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Follow the science?

Posted by Henry Bauer on 2021/05/24

Through much of the COVID19 episode, MSNBC’s Joe Scarborough has denounced with outrage those who question or dispute official guidelines about masking, distancing, etc., bellowing “Just follow the science!”

— by which he means, accept what the recognized authorities state that “the science” is.

What Scarborough doesn’t know — together with almost all other media pundits and commentators — is that the recognized authorities are sometimes wrong.

For those who know something about science, and particularly about the history of science — perhaps especially medical science — the problem is, how to find out what “the science” actually is, the  pertinent facts and contextual evidence.

Most of us have to rely on what the experts and the  recognized authorities tell us, but that is not always correct.

Although quite often there are eminently expert individuals who point that out, typically they are ignored, denigrated suppressed, persecuted. Re HIV/AIDS, see for example the case of Peter Duesberg, chapter 3 in [1]. Re aluminum, consider the example of Christopher Exley [2].

The salient point is that official pronouncements by the recognized authorities about scientific matters need to be fact-checked.

The lack of fact-checking has led to some highly damaging public policies and actions. The list of topics on which the official global “scientific consensus” happens to be wrong is alarming,  both in the public importance of some of the topics and in the steady growth in the number of specific matters which the global public has been misled and continues to be misled:

HIV/AIDS [3]

Global warming and climate change (pp. 18-26 in [1]; many posts at https://scimedskeptic.wordpress.com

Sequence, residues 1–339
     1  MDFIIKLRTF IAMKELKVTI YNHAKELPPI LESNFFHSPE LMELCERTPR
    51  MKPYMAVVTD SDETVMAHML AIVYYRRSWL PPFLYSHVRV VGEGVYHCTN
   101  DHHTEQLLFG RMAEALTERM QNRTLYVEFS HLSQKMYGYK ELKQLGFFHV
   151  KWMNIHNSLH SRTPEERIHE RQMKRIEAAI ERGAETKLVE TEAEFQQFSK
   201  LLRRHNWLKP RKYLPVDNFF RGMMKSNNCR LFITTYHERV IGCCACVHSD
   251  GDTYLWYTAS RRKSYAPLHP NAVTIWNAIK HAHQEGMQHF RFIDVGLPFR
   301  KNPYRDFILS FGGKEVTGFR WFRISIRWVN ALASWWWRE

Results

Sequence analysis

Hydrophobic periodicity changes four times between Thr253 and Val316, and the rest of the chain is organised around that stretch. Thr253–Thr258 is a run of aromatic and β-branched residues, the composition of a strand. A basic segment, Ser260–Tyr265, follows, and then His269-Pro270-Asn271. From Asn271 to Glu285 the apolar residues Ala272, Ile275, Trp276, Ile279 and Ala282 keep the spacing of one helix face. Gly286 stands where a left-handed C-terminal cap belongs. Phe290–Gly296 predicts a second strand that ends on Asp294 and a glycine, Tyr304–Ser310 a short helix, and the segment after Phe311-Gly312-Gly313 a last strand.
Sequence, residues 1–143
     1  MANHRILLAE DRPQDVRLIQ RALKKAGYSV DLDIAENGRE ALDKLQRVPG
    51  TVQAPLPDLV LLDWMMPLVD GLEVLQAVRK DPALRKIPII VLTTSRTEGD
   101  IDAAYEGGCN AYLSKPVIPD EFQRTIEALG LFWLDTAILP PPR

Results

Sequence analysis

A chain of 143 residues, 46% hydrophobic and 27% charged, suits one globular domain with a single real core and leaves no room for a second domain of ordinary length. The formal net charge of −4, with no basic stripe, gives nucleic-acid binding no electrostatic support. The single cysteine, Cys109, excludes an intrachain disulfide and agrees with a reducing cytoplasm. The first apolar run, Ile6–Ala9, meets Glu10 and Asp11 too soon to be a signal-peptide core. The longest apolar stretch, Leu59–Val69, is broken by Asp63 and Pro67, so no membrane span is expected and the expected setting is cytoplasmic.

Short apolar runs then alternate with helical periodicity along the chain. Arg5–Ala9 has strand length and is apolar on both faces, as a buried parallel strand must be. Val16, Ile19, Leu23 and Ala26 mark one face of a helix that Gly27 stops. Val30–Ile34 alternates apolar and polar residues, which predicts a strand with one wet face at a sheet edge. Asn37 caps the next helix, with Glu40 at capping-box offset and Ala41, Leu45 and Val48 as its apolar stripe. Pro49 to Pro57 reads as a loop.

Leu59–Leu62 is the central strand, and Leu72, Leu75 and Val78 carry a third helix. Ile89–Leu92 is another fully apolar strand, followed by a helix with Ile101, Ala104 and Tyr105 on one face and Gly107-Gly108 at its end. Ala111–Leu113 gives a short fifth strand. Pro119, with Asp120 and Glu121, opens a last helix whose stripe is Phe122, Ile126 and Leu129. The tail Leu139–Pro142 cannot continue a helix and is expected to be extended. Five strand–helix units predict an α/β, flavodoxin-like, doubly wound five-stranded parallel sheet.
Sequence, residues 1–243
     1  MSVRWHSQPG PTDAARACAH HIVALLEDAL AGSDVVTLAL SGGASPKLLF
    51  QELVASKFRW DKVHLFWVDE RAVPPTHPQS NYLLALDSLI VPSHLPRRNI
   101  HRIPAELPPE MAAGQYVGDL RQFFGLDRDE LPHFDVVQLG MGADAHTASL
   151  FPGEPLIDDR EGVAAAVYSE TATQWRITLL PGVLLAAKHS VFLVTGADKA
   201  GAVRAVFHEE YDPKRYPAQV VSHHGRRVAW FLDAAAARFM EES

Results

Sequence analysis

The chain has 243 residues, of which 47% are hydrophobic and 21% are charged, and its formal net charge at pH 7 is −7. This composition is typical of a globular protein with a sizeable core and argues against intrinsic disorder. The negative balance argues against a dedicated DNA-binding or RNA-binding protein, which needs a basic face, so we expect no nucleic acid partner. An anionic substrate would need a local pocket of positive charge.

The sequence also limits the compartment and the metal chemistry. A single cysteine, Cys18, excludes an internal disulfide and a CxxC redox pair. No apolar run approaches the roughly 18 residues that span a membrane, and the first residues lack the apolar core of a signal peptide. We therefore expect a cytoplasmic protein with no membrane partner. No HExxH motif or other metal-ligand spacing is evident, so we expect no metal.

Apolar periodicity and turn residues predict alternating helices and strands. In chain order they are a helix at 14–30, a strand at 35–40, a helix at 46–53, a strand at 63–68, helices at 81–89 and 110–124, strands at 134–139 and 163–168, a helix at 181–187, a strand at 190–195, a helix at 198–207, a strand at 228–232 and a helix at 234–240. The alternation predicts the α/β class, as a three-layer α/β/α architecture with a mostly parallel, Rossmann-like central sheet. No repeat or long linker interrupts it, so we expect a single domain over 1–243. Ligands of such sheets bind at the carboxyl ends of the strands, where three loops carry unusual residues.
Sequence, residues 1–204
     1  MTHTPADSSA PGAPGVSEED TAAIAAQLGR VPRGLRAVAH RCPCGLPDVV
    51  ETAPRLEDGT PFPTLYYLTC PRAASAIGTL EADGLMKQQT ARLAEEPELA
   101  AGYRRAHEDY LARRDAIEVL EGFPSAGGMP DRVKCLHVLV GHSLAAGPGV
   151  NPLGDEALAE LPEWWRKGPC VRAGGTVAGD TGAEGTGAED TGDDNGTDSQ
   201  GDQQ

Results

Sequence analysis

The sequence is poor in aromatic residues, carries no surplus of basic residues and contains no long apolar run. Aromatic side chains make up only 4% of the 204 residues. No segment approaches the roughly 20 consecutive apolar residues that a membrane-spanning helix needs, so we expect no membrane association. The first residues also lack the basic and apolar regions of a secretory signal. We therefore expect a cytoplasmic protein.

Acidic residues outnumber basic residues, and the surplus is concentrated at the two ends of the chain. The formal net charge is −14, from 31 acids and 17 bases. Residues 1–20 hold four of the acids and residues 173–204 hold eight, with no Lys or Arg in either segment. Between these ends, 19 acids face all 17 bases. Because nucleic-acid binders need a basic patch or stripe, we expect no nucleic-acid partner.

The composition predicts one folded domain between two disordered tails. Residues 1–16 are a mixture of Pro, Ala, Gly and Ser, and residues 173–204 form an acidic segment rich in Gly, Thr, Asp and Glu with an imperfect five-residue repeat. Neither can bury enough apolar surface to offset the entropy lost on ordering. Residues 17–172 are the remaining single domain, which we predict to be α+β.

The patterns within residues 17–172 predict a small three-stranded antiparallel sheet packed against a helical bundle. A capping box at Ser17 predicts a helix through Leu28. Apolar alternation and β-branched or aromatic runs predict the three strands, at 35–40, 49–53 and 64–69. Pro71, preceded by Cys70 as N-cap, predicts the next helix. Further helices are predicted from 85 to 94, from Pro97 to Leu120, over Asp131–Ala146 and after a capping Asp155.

Eugenics [4]

A host of medical matters [5]

— including notably vaccines [6]
— and the risks posed by aluminum adjuvants in vaccines as well as by other sources of aluminum  [7]

The crucial point is that truth, including truth about scientific matters, is a public good: it surely benefits humankind as a whole, in the long run; but specific truths quite typically undercut some strongly vested interests. Truths about drugs and vaccines diminish profit-making by pharmaceutical companies, and thereby lessen political campaign contributions; and so on for all the commercial and ideological sectors of society. Environmental activists don’t want truths about climate change. No political parties want real truths about economics or sociology or psychology.

Humankind needs a system capable of discerning genuine truths; which includes fact-checking of what the recognized authorities say about scientific matters.

_____________________________________________

[1]    Henry H. Bauer, Dogmatism  in Science and Medicine: How Dominant Theories Monopolize Research and Stifle the Search for Truth, McFarland 2012

[2]    “University Shuts Down World-Renowned Aluminum Expert’s Research After Big Pharma Sets Up Shop on Campus”

[3]    The Case against HIV , listing >20 books and >900 articles

[4]    Tens of thousands of Americans were forcibly sterilized as recently as 1981 on the basis of expert consensus about the heritability of certain behavioral traits — Cera R. Lawrence, Oregon State Board of Eugenics, 3 May 2012

[5]    WHAT’S WRONG WITH PRESENT-DAY MEDICINE;

[6]    “Vaccines: truth, lies, and controversy”
Peter C. Gøtzsche, Vaccines: truth, lies and controversy (Kindle 2020, Skyhorse 2021)

[7]    Publications by Christopher Exley summarized in recent book: Imagine You Are an Aluminum Atom: Discussions With Mr. Aluminum (Skyhorse 2020)

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The HIV/AIDS blunder: Missed opportunities for mainstream research to self-correct

Posted by Henry Bauer on 2021/01/20

Quite a number of specific mis-steps conspired to the acceptance and continuance of HIV/AIDS theory. They illustrate much of what has gone wrong with science: It is subject to interference by commercial, political, and ideological influences; it is comprised of a variety of institutions that do not interact usefully or reliably. Above all:


 Science has no overarching watchdog to ensure
 that theories change appropriately
 as evidence accumulates